From A War Zone To Oxford’s Hottest Degree Program: One Ukrainian Student’s Journey

Upon her return to Ukraine, Anastasiia Zagoruichyk wants to help build a green future for her country. “To do this effectively, I’ll need to understand the technical policy changes that are needed, so I can help to implement them,” she says, which is why she chose to study at Oxford’s Smith School of Enterprise and the Environment. Courtesy photo

The sun hadn’t yet risen in Kyiv when Ukrainian journalist Anastasiia Zagoruichyk learned Russia had invaded her country. She rushed to gather her things and drove out of the city to her family’s house in the country.

Soon, however, Zagoruichyk was forced to make the difficult decision to leave Ukraine. She headed for London, where she planned to use her experience in journalism and environmental policy to help her home country from abroad — and, she hoped, gain knowledge and connections to help create a green future for Ukraine.

She soon found the right place: a new master’s program at Oxford’s Smith School of Enterprise and Environment that focuses on sustainability through the lens of business and economics.


From a young age, Anastasiia Zagoruichyk knew she would find a way to make a difference.

“I always thought that I have to bring some changes in my country, that I have to be this engine,” she says. As an undergraduate at Kyiv University, she discovered her passion for protecting the environment and fighting climate change. After graduating in 2020 with a degree in political science, she worked in a Ukrainian government agency, inspecting power plants and companies to ensure they followed environmental laws and regulations. In this role she saw how limited capacities and economic interests created a push-and-pull between the Ukrainian government, environmental activists, and businesses, hindering progress toward reducing carbon emissions that contribute to climate change.

“It was hard for enterprises to decarbonize,” Zagoruichyk recalls. “It was always some kind of business lobby and climate activists fighting with the business … and government should be a mediator. But it’s hard to find the solution between all of this.”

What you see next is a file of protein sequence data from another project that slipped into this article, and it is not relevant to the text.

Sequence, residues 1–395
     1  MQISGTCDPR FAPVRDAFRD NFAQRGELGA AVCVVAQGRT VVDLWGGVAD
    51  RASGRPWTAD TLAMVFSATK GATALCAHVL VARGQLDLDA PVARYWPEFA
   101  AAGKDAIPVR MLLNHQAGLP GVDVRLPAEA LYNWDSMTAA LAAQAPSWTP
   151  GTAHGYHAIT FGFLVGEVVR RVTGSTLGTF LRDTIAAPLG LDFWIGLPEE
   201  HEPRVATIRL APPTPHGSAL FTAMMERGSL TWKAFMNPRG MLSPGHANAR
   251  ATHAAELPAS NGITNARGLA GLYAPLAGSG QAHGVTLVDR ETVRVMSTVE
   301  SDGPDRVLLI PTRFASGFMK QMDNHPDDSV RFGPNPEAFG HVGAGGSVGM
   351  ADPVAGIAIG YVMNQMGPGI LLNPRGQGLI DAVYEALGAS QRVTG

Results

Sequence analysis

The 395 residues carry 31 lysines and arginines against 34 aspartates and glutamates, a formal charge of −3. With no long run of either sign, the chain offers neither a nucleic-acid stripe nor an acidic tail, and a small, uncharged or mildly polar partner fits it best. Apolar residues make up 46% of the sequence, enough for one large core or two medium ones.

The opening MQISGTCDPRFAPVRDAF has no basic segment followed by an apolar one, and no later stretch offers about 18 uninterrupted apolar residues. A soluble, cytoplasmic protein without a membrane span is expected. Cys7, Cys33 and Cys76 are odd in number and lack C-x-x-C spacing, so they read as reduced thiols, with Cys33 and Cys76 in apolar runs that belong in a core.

She went on to work with various NGOs and helped found a new green party in Ukraine called Ecological Alternative. In her on-the-ground work with voters in local elections, she learned firsthand how difficult it is to communicate the harsh realities of climate change and environmental destruction. She began writing articles about climate change and its impacts which were published in Ukrainian and international media outlets. In 2021, she traveled to Scotland to cover the 26th annual UN Climate Change Conference in Glasgow for the Ukrainian online newspaper Ukrainska Pravda.


Russian forces invaded Ukraine in February 2022. They have destroyed, occupied, or stolen a significant amount of Ukraine’s renewable energy infrastructure since the invasion began, Zagoruichyk says. Yet she has not lost hope for a green future for her country — just the opposite.

“When we win the war,” she says, “Ukraine will need to rebuild” — and out of the rubble will come an opportunity for sustainable development on an unprecedented scale. “It’s our tipping point,” she adds. Ukraine can turn tragedy into progress by investing in eco-friendly infrastructure like solar farms, as opposed to systems and industries like coal power plants, which wreak havoc on the climate.

She explains that this will require the support of the Ukrainian government, industries, and the public, along with the direction of people who are able to navigate the complex intersections between sustainable development and economic growth in a developing country.

When Zagoruichyk arrived in the UK to continue her efforts, she initially felt guilty. Her country was facing ruthless attacks from Russia, civilians were taking up arms against Russian forces, homes and hospitals were being destroyed — and she was 1,500 miles away. “I’m doing things that aren’t important,” she told herself, “I’m not a warrior, I’m not a doctor.” Eventually she realized that creating a green economy will be a crucial part of Ukraine’s recovery:

“In the end, someone has to do it.”

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